The failure to liberate 250,000 mortgage prisoners is an indictment of successive Governments -Greg Wright

WITH every passing day, Britain’s mortgage prisoners are slipping deeper into a financial mire that is not of their making.

Mortgage prisoners are trapped with their current lenders, which are often inactive or not authorised to offer new products, leaving many paying higher rates than they would otherwise need to. T

These forgotten victims of the financial crisis will have been incensed by the revelation that regulators may have underestimated the numbers of people who are trapped into paying above the odds, just to keep a roof over their heads.

Mortgage prisoners are trapped with their current lenders, which are often inactive or not authorised to offer new products, leaving many paying higher rates than they would otherwise need to. They are often rejected when they apply for cheaper mortgages because they do not meet toughened borrowing criteria brought in after the 2008 financial crash, even if they are keeping up with repayments.

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Earlier this year, MPs voted to reverse attempts to provide help for tens of thousands of mortgage prisoners.

The House of Lords had amended the Financial Services Bill to require the regulator to introduce an interest rate cap for households who have been affected. It would also have ensured access to fixed-rate deals, in some cases. However, MPs voted by 355 votes to 271, to remove this amendment from the Bill.

Speaking in the Commons, Treasury minister John Glen said he takes the issue “extremely seriously” but added: “I am afraid that the Government cannot accept this amendment.”

The Treasury, has, however, offered some hope to Britain’s mortgage prisoners by ordering the Financial Conduct Authority to provide further detail on the characteristics of mortgage prisoners. The FCA is reviewing and updating its data to consider the demographic and loan characteristics of mortgage prisoners.

In a statement, the FCA said: “We believe that our July 2020 assumptions led to a low estimate of the number of customers who have mortgages with inactive firms and are unable to switch despite being up to date with payments.

“In the review we will take a fresh look at all the assumptions we made to establish the numbers of people who are able and unable to switch, including the criteria for whether an individual can switch.”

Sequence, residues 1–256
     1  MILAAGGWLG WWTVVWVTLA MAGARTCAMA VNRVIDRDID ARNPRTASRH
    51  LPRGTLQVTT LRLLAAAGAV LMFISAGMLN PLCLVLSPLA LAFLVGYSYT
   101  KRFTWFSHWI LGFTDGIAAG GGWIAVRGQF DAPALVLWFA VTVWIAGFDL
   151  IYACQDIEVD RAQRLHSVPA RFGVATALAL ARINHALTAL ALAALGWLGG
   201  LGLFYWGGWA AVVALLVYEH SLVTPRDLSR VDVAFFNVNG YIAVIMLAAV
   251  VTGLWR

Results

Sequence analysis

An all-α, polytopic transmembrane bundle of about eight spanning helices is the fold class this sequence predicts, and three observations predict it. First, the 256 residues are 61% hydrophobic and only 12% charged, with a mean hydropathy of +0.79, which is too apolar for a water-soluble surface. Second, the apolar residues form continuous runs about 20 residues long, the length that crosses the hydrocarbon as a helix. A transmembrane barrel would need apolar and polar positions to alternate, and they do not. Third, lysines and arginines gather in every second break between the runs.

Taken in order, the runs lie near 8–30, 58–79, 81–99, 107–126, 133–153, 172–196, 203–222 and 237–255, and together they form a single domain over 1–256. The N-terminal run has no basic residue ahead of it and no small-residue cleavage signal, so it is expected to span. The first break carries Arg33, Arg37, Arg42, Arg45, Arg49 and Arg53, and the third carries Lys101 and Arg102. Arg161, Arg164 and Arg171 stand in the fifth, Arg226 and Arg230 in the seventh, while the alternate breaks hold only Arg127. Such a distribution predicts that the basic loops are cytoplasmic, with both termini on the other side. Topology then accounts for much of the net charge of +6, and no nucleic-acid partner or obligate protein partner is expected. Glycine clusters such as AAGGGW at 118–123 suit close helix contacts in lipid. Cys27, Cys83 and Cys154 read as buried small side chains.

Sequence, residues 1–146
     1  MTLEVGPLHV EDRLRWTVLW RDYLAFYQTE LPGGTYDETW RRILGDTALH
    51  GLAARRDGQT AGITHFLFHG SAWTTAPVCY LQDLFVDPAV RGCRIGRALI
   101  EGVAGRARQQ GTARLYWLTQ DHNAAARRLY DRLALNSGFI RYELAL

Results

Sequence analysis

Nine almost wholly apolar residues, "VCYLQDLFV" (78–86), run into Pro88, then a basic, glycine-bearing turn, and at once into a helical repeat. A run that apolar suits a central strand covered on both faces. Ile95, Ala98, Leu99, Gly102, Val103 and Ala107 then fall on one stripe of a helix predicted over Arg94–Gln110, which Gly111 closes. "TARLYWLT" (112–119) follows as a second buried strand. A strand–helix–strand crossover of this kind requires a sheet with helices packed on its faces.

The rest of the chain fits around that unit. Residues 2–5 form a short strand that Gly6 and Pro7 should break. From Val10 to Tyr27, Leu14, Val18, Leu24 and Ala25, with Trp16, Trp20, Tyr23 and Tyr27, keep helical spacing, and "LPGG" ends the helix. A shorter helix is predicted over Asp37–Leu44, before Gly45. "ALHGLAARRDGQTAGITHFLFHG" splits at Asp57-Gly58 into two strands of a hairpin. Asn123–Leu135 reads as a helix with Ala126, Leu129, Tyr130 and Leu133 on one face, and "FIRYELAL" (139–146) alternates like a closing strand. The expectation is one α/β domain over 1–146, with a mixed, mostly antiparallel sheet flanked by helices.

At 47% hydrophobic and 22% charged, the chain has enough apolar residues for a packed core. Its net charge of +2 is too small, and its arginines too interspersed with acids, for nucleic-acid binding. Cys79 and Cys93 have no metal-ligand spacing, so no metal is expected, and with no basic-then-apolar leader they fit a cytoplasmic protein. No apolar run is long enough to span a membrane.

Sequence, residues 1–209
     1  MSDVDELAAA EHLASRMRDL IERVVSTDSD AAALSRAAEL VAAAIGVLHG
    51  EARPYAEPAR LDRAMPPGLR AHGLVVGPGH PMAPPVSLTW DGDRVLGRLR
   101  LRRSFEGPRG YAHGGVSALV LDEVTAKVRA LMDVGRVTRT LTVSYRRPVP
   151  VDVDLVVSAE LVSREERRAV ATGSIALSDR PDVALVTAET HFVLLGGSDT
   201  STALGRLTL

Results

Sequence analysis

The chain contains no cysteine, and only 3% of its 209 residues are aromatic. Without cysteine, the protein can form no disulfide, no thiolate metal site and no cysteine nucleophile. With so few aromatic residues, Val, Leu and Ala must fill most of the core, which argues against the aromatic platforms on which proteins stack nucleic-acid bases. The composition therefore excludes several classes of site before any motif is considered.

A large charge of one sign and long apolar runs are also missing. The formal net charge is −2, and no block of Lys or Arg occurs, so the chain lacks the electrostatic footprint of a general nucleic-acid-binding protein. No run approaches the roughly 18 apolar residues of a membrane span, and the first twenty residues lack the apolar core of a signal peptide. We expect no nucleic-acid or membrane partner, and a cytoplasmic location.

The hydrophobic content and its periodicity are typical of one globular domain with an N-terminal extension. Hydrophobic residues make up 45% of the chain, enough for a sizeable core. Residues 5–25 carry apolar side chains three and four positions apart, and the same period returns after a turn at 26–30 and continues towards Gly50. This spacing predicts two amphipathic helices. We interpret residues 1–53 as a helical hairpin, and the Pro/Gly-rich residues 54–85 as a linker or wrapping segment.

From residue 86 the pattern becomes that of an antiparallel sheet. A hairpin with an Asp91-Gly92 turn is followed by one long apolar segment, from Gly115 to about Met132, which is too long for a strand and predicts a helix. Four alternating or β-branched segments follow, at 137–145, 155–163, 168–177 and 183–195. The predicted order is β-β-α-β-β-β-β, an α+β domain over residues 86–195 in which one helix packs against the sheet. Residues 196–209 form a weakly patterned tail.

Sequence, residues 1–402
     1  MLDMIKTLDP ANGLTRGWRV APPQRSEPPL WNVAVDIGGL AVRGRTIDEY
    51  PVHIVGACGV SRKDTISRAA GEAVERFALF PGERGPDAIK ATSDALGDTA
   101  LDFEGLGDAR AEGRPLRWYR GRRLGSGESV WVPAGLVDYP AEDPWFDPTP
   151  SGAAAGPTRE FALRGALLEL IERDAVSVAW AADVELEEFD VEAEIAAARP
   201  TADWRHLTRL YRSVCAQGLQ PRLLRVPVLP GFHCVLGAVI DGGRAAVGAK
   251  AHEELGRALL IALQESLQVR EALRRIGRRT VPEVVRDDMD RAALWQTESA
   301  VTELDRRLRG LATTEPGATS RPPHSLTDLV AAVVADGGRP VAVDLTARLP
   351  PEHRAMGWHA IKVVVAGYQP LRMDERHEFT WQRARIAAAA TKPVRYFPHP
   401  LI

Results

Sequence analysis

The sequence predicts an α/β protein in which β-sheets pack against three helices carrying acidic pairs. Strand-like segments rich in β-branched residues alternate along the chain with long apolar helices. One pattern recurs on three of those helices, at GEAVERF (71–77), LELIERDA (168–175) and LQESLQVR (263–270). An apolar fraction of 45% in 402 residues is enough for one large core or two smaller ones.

Rachel Neale, from the UK Mortgage Prisoners group, said: “I am very upset that the FCA have now stated that they have been using assumed figures for the past few years rather than actual figures to establish the amount of mortgage prisoners.

“This review can only be taken seriously if the FCA and the Treasury look at mortgage prisoners broadly instead of continuing to try to create a narrative that leads to blame. I am fed up with talking about the problem. They have not taken up one of the solutions put forward.”

MoneySavingExpert.com (MSE) and its founder Martin Lewis have campaigned for years for more help for those who are unable to remortgage. Last year, a report on mortgage prisoners was published by the London School of Economics and Political Science (LSE). The research was commissioned by MoneySavingExpert.com, which Mr Lewis founded, and was also funded by a personal donation from him.

MoneySavingExpert and the LSE are calling on the Government to urgently use data on all UK borrowers to accurately calculate the costs of proposed policy measures.

Potential solutions could include offering interest-free Government equity loans to bring down some borrowers’ loan-to-value ratios so they can re-mortgage. There could also be mortgage rescue initiatives, allowing those whose mortgages are financially unsustainable to remain in their homes as tenants, while the property is sold to housing associations with a buy-back option later.

Campaigners estimate that Britain has 250,000 mortgage prisoners, more than a decade after the crash. This figure is an indictment of Governments which have failed to launch a decisive intervention to liberate them from these crippling arrangements.

We need less conversation and more action. The LSE report provides a route out of this crisis. There is no excuse for dither and delay.

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